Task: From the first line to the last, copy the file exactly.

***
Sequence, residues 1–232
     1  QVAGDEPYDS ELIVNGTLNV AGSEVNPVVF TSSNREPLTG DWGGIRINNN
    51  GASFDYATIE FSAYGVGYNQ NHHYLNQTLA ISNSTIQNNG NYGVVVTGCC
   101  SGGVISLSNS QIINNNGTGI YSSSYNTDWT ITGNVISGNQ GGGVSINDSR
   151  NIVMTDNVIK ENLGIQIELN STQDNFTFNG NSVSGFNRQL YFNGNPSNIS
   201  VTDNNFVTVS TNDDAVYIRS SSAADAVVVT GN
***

Sequence, residues 1–232
     1  QVAGDEPYDS ELIVNGTLNV AGSEVNPVVF TSSNREPLTG DWGGIRINNN
    51  GASFDYATIE FSAYGVGYNQ NHHYLNQTLA ISNSTIQNNG NYGVVVTGCC
   101  SGGVISLSNS QIINNNGTGI YSSSYNTDWT ITGNVISGNQ GGGVSINDSR
   151  NIVMTDNVIK ENLGIQIELN STQDNFTFNG NSVSGFNRQL YFNGNPSNIS
   201  VTDNNFVTVS TNDDAVYIRS SSAADAVVVT GN